Buried Deep in an Article You Won’t Read

HBO Max—the premium cable channel’s streaming service, launching next year—is making some noise early about the impact of multiculturalism on, not only its programming practices and choices, but also its “behind the scenes” choices.

Meet Lucinda. She’s got a mission.

The Executive Vice President of Multicultural & International Marketing, Lucinda Martinez, wants to make sure that you know, as a viewer, subscriber, and audience member, that she knows what the future of American media is.

From the trades:

In 2018, women and people of color directed 58% of HBO’s episodic programming, up from 35% in 2015. Now the network wants to accelerate its diversification by focusing on craftspeople with HBO POV — aka Power of Visibility.

“When we started, we realized that we weren’t just having an impact on the shows themselves, but also on the talent that’s out there,” said Martinez. Initially, she and her team focused on the promotion of shows like “Insecure,” “Ballers,” “A Black Lady Sketch Show,” and “2 Dope Queens.

However, they realized that by focusing only on the shows’ air dates, they overlooked an enormous opportunity to capture the perspectives of diverse crew members who work behind the camera.

And here, we go.

This Confirms What We Already Know

The pushback against the idea that shows, networks, and even talent at the corporate level could possibly be reflexively leftist in their thinking, attitudes, behaviors and even programming choices, has always been the canard: “If it impacts the bottom line, they won’t approve anything that will abandon a core audience, because how can they sell advertising?”

But without having to track metrics, as the CEO of HBO Max mentioned recently, there’s no need to worry about who’s not tuning in, as long as a very narrow slice of people are tuning in, from demographics that HBO and HBO Max—along with Netflix, Disney +, and other streamers—are betting will be the future.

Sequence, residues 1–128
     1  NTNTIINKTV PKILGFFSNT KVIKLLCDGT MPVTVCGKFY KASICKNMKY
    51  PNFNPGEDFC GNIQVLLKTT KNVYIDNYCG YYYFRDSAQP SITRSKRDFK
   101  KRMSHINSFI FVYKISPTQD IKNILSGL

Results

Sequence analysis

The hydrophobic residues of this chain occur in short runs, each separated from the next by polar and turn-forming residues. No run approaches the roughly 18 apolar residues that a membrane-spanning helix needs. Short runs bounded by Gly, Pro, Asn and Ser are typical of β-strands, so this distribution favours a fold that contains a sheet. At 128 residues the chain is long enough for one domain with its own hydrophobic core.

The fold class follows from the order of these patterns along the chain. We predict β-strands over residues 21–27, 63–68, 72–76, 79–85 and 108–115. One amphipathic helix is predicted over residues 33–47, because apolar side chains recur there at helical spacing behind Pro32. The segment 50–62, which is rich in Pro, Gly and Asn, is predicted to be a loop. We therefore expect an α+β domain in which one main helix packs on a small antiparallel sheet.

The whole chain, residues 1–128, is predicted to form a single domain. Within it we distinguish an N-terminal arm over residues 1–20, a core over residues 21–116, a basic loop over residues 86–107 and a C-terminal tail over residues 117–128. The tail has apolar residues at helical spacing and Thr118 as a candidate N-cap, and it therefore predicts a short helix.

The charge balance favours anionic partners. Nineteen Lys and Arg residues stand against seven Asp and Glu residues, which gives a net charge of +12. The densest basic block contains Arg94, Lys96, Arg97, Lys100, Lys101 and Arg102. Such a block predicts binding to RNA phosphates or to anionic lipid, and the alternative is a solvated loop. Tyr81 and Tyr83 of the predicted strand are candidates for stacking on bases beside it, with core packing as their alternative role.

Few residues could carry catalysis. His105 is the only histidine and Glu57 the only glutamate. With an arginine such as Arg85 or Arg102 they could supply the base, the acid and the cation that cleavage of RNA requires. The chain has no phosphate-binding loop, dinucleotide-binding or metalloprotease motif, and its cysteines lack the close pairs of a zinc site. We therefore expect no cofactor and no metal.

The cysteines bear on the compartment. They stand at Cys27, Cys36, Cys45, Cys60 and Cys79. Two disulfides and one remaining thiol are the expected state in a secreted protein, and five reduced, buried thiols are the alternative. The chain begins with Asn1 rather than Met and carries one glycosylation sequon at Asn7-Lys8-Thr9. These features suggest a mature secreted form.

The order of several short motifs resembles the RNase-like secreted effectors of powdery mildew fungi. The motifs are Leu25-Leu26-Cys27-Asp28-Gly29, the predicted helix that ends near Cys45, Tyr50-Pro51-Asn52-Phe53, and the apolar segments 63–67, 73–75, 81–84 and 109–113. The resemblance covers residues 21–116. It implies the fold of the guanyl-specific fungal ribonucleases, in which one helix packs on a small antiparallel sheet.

The future of America is hip and Progressive and signing diversity and inclusion statements…

From the trades:

Beyond HBO, the POV efforts extend to WarnerMedia’s TBS, TNT, and the upcoming HBO Max, where Martinez and her team are already developing experiences for the platform’s multicultural content that will be key to its success. HBO Max can only achieve its long-term goal of being in every home if it leans heavily on the power of its multicultural audiences, the largest growing segment of the population; according to the Census Bureau, minorities are expected to be majority by 2044.

That’s it, white guys. That’s all you need to know.

And also this point:

In September 2018, WarnerMedia formalized its commitment to diversity and inclusion as business imperatives, pledging to ensure diverse actors and crew members are considered for film, television and other projects.

Look at that, everyone at WarnerMedia, the parent company of HBO and HBO Max, signed a piece of paper declaring their commitment to “diversity and inclusion.”

What Are We to Make of This?

Ms. Martinez is going to be around at HBO Max for a while, making sure she’s working her way up the corporate ladder, promoting her ideas about multiculturalism, inclusion, and, of course, social justice, because:

“I’m Dominican all year, not just on Hispanic Heritage month,” said Martinez.

And they’re on Twitter, because, of course.

And that’s the problem.

Ms. Martinez is probably competent and good at her job—there are plenty of people who started with her who aren’t sitting in the chair that she currently occupies, or making the decisions with the impact that she now makes around programming—but competency is not what she’s pushing.

All the other stuff is what she’s pushing, in spite of lack of ratings, in spite of boycotts, in spite of lack of viewership, in spite of criticism, and even in the face of a narrowing audience from whom to pull revenues.

It doesn’t matter how Dominican, how African-American, how Asian, or even how Caucasian you are: If you suck, carving out a place for you, patting you on the head, and failing you upward—either through the promotion of low-quality shows or through the promotion of low-quality “talent” behind the scenes—isn’t a help.

It’s a hindrance.